Anesthesiological and Operative Procedures with Potential Cerebral Effects

  • Ina Pichlmayr
  • Ulrich Lips
  • Helmut Künkel


In addition to anesthesia, further anesthesiological procedures accompanying surgery, the effects of surgery, and operations involving particular stress on the circulation, or phases of such operations, have consequences on the brain, which in the EEG can be determined by large alterations in cerebral function. As always, the reactions of the EEG are fairly stereotype, i.e., various injurious agents lead to similar EEG changes; knowledge of the clinical circumstances is, therefore, required for an evaluation of their significance. The following basic rule can thus be applied: Changes in the EEG in terms of a decelerating frequency and a leveling off of the voltage during the steady state of anesthesia under unchanging clinical conditions should always be taken as a warning signal of a deficient supply of oxygen to the brain. The cause must be detected and treated [13]. Changes toward a deceleration of frequency suggest a reduction in the level of anesthesia, either due to metabolism of the anesthetic or increased ssurgical pain stimuli — as long as other clinical parameters cannot explain such changes.


Cerebral Perfusion Pain Stimulus Extracorporal Circulation Paper Speed Arousal Reaction 
These keywords were added by machine and not by the authors. This process is experimental and the keywords may be updated as the learning algorithm improves.


Unable to display preview. Download preview PDF.

Unable to display preview. Download preview PDF.


A. Textbooks and Summaries

  1. Brechner VL, Walter RD, Dillon JB (1962) Practical electroencephalography for the anesthesiologist. Thomas, SpringfieldGoogle Scholar
  2. Kugler J (1966) Elektroenzephalographie in Klinik und Praxis, 2nd edn. Thieme, StuttgartGoogle Scholar
  3. Sadove MS, Beck AD, Gibbs FA (1967) Electroencephalography for anesthesiologists and surgeons. Pitman, LondonGoogle Scholar

B. Papers

  1. 1.
    Bellville JW, Artusio JF Jr (1956) Effect of Arfonad® on anesthetic requirements during Cyclopropane anesthesia. Anesthesiology 17:347–352PubMedCrossRefGoogle Scholar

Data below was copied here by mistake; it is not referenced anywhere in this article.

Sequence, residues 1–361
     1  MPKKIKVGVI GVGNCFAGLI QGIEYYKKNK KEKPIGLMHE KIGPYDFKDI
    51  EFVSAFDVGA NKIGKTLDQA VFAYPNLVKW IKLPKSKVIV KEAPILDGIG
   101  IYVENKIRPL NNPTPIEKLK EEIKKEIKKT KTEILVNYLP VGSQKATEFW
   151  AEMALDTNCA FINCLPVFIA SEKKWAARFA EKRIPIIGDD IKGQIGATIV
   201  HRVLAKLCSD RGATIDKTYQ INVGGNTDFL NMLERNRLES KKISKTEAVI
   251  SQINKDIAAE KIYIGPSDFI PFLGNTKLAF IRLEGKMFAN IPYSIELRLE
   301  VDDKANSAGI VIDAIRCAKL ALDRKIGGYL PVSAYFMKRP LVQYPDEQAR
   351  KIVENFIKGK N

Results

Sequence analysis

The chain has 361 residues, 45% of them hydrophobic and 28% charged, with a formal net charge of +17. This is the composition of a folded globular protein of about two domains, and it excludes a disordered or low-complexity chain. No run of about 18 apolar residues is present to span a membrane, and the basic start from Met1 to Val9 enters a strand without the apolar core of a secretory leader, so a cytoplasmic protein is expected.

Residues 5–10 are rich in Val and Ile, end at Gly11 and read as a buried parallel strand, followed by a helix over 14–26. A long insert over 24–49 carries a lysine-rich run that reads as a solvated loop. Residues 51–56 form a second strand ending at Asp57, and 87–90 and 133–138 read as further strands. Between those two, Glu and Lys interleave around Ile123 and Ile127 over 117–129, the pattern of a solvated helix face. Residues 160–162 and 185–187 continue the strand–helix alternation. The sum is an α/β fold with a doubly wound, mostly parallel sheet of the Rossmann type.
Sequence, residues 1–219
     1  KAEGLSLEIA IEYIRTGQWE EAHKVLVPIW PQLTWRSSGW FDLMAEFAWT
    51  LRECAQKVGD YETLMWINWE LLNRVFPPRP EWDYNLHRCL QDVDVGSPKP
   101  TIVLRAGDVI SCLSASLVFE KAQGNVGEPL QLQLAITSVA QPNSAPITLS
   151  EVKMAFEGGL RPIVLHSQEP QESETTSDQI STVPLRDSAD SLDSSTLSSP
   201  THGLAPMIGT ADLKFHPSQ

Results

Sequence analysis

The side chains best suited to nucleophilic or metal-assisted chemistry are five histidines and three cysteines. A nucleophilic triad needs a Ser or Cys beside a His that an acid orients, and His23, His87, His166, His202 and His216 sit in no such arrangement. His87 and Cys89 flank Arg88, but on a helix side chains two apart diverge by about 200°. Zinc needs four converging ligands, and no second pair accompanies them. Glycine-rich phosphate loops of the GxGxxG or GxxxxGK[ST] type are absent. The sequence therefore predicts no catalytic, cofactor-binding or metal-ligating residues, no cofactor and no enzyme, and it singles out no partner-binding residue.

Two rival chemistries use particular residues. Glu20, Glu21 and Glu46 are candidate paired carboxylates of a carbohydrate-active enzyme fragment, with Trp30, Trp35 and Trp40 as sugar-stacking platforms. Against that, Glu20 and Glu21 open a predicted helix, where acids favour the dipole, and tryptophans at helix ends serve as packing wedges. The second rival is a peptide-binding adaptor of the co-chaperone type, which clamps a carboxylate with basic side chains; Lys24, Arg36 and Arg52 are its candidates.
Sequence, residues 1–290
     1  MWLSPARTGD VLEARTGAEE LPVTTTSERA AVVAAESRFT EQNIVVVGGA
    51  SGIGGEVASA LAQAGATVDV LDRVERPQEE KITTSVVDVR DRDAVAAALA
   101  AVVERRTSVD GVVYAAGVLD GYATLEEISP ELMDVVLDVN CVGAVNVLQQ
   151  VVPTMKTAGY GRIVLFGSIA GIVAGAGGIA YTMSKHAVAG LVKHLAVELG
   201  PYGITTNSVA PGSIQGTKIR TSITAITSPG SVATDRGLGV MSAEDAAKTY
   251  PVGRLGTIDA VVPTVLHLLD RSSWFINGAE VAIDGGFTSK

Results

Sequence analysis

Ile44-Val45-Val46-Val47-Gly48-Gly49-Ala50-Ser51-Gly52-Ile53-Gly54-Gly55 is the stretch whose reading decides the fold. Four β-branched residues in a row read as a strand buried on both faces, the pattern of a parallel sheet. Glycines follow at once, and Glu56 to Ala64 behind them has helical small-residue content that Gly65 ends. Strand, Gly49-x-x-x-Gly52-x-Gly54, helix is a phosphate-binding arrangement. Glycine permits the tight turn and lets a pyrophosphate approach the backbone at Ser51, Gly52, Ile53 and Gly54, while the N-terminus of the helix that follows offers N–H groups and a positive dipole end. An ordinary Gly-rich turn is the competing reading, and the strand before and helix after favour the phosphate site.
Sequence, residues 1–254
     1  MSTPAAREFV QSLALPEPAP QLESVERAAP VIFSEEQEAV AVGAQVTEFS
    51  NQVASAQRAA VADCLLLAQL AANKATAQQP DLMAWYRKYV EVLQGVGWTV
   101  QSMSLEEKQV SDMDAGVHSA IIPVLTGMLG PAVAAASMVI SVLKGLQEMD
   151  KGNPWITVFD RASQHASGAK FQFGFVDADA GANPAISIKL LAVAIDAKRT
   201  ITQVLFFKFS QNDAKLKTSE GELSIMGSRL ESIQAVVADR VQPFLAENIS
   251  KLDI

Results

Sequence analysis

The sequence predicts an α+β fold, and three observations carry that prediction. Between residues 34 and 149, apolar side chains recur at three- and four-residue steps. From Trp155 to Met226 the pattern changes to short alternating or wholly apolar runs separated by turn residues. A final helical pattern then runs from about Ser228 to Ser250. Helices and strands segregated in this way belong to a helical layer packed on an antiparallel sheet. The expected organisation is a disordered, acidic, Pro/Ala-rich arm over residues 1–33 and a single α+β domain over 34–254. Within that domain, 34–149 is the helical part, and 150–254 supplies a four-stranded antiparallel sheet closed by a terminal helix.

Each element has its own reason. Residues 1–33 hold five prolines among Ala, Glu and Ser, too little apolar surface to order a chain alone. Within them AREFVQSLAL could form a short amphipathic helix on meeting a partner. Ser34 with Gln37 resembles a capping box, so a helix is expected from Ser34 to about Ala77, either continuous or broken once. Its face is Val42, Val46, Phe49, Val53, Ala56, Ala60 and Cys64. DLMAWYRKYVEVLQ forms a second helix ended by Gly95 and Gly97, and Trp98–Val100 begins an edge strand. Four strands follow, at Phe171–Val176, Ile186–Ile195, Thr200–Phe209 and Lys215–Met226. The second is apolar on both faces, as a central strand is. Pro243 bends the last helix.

2. 2.
    van Bergen FH, Bucktey JJ, French LA, Dobkin AB, Brown JA (1954) Physiologic alterations associated with hexamethonium-induced hypotension. Anesthesiology 15:507–536CrossRefGoogle Scholar
  3. 3.
    Coons RE, Keats AS, Cooley DA (1959) Significance of electroencephalographic changes occurring during cardiopulmonary by-pass. Anesthesiology 20:804–810PubMedCrossRefGoogle Scholar
  4. 4.
    Davenport HT, Arfel G, Sanches FR (1959) The electroencephalogram in patients undergoing open heart surgery with heart-lung by-pass. Anesthesiology 20:674–684PubMedCrossRefGoogle Scholar
  5. 5.
    Kavan EM, Brechner VL, Walter RD, Linde LM (1959) Electroencephalographic and electrocardiographic patterns during open heart operations with the use of cardiopulmonary bypass. Can Anaesth Soc J 6:356–364PubMedCrossRefGoogle Scholar
  6. 6.
    Kubicki S, Just O (1957) Das hirnelektrische Bild bei extremer künstlicher Blutdrucksenkung. Anaesthesist 6:143–147PubMedGoogle Scholar
  7. 7.
    Kubicki S, Just O (1959) Das EEG im Verlauf von Herzoperationen mit Kreislaufunterbrechung. Anaesthesist 8:1–5PubMedGoogle Scholar
  8. 8.
    Kubicki S, Trede M, Just O (1960) Die Bedeutung des EEG bei Herzoperationen in Hypothermie und bei extrakorporaler Zirkulation. Anaesthesist 9:119–123PubMedGoogle Scholar
  9. 9.
    Martin JT, Faulconer H, Bickford RG (1959) Electroencephalography in anesthesiology. Anesthesiology 20:359–376PubMedCrossRefGoogle Scholar
  10. 10.
    Owen SG, Adams JE, Dawson BE, Lance EM, Sawers JL, Scott HW (1958) Observed central nervous system responses during experimental employment of various pump oxygenators. Surgery 44:240–254Google Scholar
  11. 11.
    Trede M, Kubicki S, Just O (1959) Über EEG-Beobachtungen bei Herzoperationen mit extrakorporalem Kreislauf. Anaesthesist 8:76–82PubMedGoogle Scholar
  12. 12.
    Walter RD, Kavan EM, Brechner VL, Maloney JV (1958) EEG-changes during cardiac surgery with cardiopulmonary by-pass. Electroencephalogr Clin Neurophysiol 10:180Google Scholar
  13. 13.
    Wiemers K, Puppel H (1960) Praktische Bedeutung der EEG-Registrierung im Operationssaal, Kreislaufmessungen. Abstracts of the 2nd Freiburg Colloquium on circulatory measurement, vol 2, p 21–34Google Scholar

Copyright information

© Springer-Verlag Berlin Heidelberg 1984

Authors and Affiliations

  • Ina Pichlmayr
    • 1
  • Ulrich Lips
    • 1
  • Helmut Künkel
    • 2
  1. 1.Zentrum für Anästhesiologie der Medizinischen Hochschule Hannover, Abt. IVKrankenhaus OststadtHannover 51Germany
  2. 2.Zentrum Neurologische Medizin, Abt. IIInstitut für Klinische Neurophysiologie und Experimentelle NeurologieHannover 61Germany

Personalised recommendations